07 July 2018

Zero Waste Group Backs Senate Bill Banning Plastic Straws and Stirrers

A waste and pollution watch group threw its support behind a move by Senator Risa Hontiveros to ban plastic drinking straws and coffee stirrers.

“We support Senate Bill 1866 as its enactment will help in eliminating unnecessary plastic products that only add to the garbage plaguing our communities and the world’s oceans,” said Daniel Alejandre, Zero Waste Campaigner, EcoWaste Coalition.

“Plastic straws are not necessary at all except for persons with disabilities or medical conditions and when non-plastic alternatives are not suitable to meet their special needs,” he said.

“We urge our lawmakers to also work for a law banning single-use plastic bags that are thoughtlessly produced, used and disposed of, and often winding up in water bodies and wreaking havoc on aquatic life,” he added.

“The ban on single-use plastics will help in drawing attention to the global plastic pollution crisis, drive industries to find sustainable substitutes to disposables, and promote a shift to eco-friendly lifestyle ” he stated.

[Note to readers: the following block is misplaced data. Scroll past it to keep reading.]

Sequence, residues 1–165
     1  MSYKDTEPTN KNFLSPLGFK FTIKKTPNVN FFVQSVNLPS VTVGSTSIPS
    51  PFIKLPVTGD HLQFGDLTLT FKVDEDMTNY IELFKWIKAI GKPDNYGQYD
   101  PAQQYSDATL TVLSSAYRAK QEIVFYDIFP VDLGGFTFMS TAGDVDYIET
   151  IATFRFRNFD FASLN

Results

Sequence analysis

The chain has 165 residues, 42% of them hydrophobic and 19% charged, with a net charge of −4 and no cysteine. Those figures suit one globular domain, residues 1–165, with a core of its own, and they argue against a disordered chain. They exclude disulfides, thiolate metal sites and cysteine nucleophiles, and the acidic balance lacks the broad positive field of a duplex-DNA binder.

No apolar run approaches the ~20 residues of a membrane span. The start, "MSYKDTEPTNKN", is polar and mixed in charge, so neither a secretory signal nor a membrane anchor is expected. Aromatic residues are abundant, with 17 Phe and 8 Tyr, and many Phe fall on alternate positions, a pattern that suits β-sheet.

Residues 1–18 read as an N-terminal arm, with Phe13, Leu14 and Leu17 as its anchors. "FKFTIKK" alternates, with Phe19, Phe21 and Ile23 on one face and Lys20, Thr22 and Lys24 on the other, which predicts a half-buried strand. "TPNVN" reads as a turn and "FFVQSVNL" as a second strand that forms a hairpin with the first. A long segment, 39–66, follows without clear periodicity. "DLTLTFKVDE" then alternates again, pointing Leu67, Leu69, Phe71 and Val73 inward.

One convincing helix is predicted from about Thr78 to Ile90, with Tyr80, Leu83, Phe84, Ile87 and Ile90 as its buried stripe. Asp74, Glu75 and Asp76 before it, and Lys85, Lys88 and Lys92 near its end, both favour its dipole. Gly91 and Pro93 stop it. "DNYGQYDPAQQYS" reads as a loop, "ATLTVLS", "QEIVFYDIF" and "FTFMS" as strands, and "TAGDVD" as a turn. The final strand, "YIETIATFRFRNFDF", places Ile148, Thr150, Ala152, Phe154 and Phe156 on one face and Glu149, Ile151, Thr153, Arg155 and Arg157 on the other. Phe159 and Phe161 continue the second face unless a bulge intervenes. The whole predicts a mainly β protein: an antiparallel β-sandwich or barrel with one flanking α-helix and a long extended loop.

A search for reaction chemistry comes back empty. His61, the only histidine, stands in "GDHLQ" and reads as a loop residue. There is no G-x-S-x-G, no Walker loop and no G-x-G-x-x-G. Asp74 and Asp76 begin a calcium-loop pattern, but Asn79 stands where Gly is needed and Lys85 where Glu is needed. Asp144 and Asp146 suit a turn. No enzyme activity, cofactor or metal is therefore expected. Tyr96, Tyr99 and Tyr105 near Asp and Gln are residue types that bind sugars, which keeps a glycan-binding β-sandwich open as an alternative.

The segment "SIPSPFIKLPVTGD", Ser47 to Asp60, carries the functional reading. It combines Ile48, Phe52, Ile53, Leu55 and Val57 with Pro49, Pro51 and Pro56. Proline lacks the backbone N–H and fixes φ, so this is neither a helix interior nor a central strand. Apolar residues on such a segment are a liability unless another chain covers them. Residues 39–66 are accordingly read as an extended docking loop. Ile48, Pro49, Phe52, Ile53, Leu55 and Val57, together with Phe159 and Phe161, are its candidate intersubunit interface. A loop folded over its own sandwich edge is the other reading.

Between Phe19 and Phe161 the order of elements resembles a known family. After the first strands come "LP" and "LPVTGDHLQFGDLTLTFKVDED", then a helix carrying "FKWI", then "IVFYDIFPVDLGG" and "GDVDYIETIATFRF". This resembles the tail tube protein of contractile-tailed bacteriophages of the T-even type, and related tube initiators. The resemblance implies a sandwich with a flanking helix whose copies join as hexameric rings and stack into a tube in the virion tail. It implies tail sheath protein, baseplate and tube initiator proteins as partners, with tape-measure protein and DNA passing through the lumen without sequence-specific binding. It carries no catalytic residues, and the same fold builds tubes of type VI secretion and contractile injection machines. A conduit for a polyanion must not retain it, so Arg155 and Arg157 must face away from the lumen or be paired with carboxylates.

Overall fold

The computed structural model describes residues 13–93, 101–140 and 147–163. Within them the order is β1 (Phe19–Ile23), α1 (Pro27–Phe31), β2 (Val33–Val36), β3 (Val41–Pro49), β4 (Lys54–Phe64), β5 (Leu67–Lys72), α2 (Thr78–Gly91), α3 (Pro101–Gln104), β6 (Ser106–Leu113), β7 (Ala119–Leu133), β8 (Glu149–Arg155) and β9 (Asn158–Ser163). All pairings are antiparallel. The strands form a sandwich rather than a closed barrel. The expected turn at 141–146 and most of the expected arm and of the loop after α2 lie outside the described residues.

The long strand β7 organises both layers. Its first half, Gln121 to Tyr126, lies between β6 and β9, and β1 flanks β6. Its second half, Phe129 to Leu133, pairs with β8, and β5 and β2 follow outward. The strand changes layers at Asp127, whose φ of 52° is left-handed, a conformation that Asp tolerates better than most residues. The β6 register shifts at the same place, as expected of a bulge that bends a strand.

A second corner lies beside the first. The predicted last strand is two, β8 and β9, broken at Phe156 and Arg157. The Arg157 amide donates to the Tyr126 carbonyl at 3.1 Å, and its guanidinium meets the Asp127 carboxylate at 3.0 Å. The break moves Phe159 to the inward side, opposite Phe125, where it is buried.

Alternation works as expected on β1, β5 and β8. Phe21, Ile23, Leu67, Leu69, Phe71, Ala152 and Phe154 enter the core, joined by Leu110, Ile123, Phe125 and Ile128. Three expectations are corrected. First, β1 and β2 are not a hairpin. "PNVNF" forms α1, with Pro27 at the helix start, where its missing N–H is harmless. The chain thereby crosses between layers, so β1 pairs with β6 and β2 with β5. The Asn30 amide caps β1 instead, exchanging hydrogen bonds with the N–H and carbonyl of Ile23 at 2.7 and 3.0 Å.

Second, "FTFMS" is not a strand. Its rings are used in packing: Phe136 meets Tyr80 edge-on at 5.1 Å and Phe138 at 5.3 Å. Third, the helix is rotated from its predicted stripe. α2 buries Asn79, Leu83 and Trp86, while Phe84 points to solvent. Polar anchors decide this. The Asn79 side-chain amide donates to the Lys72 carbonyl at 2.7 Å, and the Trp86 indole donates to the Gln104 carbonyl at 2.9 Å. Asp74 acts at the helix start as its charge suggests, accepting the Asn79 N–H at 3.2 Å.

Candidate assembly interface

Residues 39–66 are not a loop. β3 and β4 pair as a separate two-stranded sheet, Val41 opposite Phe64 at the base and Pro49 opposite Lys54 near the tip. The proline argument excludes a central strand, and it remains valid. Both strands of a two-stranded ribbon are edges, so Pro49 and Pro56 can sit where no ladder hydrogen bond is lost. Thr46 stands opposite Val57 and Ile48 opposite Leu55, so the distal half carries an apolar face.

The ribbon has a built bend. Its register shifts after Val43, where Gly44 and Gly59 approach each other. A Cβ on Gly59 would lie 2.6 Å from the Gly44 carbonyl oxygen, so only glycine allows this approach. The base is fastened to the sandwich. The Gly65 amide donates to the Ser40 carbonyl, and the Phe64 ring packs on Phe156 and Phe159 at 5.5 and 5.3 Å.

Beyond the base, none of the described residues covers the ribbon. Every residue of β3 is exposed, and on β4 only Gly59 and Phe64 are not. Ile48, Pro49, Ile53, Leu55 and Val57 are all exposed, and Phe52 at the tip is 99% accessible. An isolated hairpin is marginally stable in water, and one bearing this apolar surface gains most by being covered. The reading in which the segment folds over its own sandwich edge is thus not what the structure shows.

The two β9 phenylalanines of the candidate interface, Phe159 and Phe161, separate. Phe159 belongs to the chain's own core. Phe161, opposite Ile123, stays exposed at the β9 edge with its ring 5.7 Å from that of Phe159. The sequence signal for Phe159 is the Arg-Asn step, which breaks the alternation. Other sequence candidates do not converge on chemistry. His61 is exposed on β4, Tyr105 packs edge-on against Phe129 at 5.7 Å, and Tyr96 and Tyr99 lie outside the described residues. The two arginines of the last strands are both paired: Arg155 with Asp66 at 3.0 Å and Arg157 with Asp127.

Senate Bill No. 1866, known as the proposed "Plastic Straw and Stirrer Ban of 2018,” aims to prohibit the use of plastic straws and stirrers by restaurants and other establishments, including sari-sari stores, that offer beverages.

The bill allows food service establishments to provide a suitable beverage straw to a person requiring it due to a disability or medical condition.

The bill penalizes food establishments caught providing plastic straws and stirrers with P50,000 for the first offense, P80,000 for the second offense, and a fine of P150,000 and one-year business permit suspension for the third offense 

“As what is at stake is the health of the marine environment and the food chain, the public should back the passage of Senate Bill 1866, and further support a ban on single-use plastic bags that often end up in dumps, landfills, incinerators, and, yes, the oceans,” the EcoWaste Coalition said.   

Single-use plastics have to go to curb the waste and chemical pollution of the oceans and save aquatic animals from consuming plastics or from being entangled in them, the group said. 

Such action is needed as the continuing spillage of plastics and chemicals into water bodies poses significant threats to food safety and security as well, the group also pointed out.   


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